30 March 2017
Venue: The People's Palace, Queen Mary University of London, Mile End Road, London E1 4NS
The Inaugural Lecture of Professor Thomas Prellberg
Counting may seem intuitive, but early humans probably had a number awareness which helped them to keep track of their surroundings, rather than the exact counting we think of today. In the continued quest for exactness, the question of “how many” arises as a central issue in many areas of mathematics, physics, and beyond. Due to the difficult nature of some counting problems, it is sometimes helpful to modify the question to “roughly how many,” as an approximate answer is easier to obtain and in many cases sufficient.
In this lecture, I will show the relevance of “how many structures are there of a given kind” in my own areas of speciality such as combinatorics and statistical physics, and how the endeavour to count structures continues to advance research. The focus will be on the counting of paths on a discrete lattice.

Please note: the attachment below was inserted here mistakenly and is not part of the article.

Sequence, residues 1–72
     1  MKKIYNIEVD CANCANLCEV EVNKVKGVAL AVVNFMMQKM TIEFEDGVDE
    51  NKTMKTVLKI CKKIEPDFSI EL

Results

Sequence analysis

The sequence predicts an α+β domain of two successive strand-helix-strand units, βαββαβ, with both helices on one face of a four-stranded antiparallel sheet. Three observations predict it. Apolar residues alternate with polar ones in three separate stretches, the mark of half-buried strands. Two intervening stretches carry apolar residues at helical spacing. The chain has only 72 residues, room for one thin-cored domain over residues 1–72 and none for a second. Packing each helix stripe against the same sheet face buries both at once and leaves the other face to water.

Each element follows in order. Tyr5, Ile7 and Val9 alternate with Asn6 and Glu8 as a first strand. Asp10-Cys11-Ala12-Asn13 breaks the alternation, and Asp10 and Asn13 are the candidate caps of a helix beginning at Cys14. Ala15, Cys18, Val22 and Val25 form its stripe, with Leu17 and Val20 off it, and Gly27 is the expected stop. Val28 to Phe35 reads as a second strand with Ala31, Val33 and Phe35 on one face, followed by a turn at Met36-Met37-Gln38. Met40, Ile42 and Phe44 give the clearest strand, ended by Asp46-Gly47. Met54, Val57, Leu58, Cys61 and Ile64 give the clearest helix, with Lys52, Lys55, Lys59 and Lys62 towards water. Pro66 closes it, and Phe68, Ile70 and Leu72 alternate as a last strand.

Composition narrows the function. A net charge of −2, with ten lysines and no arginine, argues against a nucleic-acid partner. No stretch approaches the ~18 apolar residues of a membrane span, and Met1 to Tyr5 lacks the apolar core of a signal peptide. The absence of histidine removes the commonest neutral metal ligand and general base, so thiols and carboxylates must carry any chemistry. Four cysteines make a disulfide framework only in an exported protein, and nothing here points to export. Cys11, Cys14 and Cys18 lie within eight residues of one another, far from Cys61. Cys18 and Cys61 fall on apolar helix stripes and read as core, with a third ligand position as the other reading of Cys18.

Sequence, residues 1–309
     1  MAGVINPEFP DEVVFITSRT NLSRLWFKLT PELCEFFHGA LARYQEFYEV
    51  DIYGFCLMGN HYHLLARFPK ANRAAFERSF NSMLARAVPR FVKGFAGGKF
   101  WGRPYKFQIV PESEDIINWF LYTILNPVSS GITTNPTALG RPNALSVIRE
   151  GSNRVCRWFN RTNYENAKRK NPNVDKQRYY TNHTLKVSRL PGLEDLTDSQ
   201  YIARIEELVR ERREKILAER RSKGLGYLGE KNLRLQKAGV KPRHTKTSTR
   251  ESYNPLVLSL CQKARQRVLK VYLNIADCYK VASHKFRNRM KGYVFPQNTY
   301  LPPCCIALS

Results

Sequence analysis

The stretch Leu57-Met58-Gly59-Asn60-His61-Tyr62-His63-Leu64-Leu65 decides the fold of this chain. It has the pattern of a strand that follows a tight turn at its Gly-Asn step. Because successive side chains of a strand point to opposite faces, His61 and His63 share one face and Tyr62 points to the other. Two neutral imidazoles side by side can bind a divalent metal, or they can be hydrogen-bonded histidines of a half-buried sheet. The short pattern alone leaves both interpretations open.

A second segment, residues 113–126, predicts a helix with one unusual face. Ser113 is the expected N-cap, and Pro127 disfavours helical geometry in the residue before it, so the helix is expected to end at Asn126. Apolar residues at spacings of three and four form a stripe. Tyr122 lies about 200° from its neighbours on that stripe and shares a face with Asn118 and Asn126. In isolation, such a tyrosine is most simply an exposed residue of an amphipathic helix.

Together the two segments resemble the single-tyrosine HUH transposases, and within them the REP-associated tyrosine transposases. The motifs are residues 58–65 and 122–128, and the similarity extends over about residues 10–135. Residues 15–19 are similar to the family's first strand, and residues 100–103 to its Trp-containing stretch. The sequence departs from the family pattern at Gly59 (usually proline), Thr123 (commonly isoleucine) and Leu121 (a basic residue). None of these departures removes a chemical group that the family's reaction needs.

One example for such lattice paths is given by self-avoiding walks, which are paths on a regular lattice that do not self-intersect. The Encyclopædia Britannica lists self-avoiding walks as one of two examples of classical unsolved combinatorial problems. This problem has been at the forefront of research in statistical mechanics for more than half a century; self-avoiding walks have been of interest to chemists, physicists and mathematicians, Nobel Laureates and Fields Medallists alike.